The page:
This is an image of a dwarf nova, which is a star system where material flows from a red giant star to a dense, compact star called a white dwarf. The flowing material triggers explosions that cause the system to flare up as seen from Earth. The graph shows the change in brightness of this system over a period of seven years. The images at the top show the nova at its brightest and dimmest, as indicated in the plot. Such systems are important for understanding stellar evolution, and the CRTS team has discovered nearly a thousand of them‑‑more than any other survey. Credit: The CRTS Survey Team, Caltech
Astronomers from the California Institute of Technology (Caltech) and the University of Arizona have released the largest data set ever collected that documents the brightening and dimming of stars and other celestial objects—two hundred million in total.
The night sky is filled with objects like asteroids that dash across the sky and others—like exploding stars and variable stars—that flash, dim, and brighten. Studying such phenomena can help astronomers better understand the evolution of stars, massive black holes in the centers of galaxies, and the structure of the Milky Way. These types of objects were also essential for the recent discovery of dark energy—the mysterious energy that dominates the expansion of the universe—which earned last year's Nobel Prize.
Using the Catalina Real-Time Transient Survey (CRTS), a project led by Caltech, the astronomers systematically scanned the heavens for these dynamic objects, producing an unprecedented data set that will allow scientists worldwide to pursue new research.
"Exploring variable objects and transient phenomena like stellar explosions is one of the most vibrant and growing research areas in astrophysics," says S. George Djorgovski, professor of astronomy at Caltech and principal investigator on the CRTS. "In many cases, this yields unique information needed to understand these objects."
The new data set is based on observations taken with the 0.7-meter telescope on Mt. Bigelow in Arizona. The observations were part of the Catalina Sky Survey (CSS), a search for Near-Earth Objects (NEOs)—asteroids that may pose a threat to Earth—conducted by astronomers at the University of Arizona. By repeatedly taking pictures of large swaths of the sky and comparing these images to previous ones, the CRTS is able to monitor the brightness of about half a billion objects, allowing it to search for those that dramatically brighten or dim. In this way, the CRTS team identified tens of thousands of variables, maximizing the science that can be gleaned from the original data.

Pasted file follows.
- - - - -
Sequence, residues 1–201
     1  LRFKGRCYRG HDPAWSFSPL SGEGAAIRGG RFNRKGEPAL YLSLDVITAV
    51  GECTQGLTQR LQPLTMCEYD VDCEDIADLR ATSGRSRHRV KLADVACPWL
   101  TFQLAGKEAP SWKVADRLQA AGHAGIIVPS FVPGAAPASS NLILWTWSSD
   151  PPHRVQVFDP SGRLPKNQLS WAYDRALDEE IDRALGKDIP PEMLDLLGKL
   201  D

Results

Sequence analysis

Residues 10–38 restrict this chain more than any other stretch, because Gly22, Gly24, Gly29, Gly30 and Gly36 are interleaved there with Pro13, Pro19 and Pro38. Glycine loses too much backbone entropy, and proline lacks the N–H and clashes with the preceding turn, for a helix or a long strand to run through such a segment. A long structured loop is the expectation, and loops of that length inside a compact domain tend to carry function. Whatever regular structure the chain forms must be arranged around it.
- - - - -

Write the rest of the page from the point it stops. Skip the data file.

The new data set contains the so-called brightness histories of a total of two hundred million stars and other objects, incorporating over 20 billion independent measurements. "This set of objects is an order of magnitude larger than the largest previously available data sets of their kind," says Andrew Drake, a staff scientist at Caltech and lead author on a poster to be presented at the meeting of the American Astronomical Society in Austin on January 12. "It will enable many interesting studies by the entire astronomical community."
One of the unique features of the survey, Drake says, is that it emphasizes an open-data philosophy. "We discover transient events and publish them electronically in real time, so that anyone can follow them and make additional discoveries," he explains.
"It is a good example of scientific-data sharing and reuse," Djorgovski says. "We hope to set an example of how data-intensive science should be done in the 21st century."
The data set includes over a thousand exploding stars called supernovae, including many unusual and novel types, as well as hundreds of so-called cataclysmic variables, which are pairs of stars in which one spills matter onto another, called a white dwarf; tens of thousands of other variable stars; and dwarf novae, which are binary stars that dramatically change in brightness.
"We take hundreds of images every night from each of our telescopes as we search for hazardous asteroids," adds Edward Beshore, principal investigator of the University of Arizona's asteroid-hunting CSS. "As far back as 2005, we were asking if this data could be useful to the community of astronomers. We are delighted that we could forge this partnership. In my estimation, it has been a great success and is a superb example of finding ways to get greater value from taxpayers' investments in basic science."
The team says they soon plan to release additional data taken with a 1.5-meter telescope on Mt. Lemmon in Arizona and a 0.5-meter telescope in Siding Spring in Australia.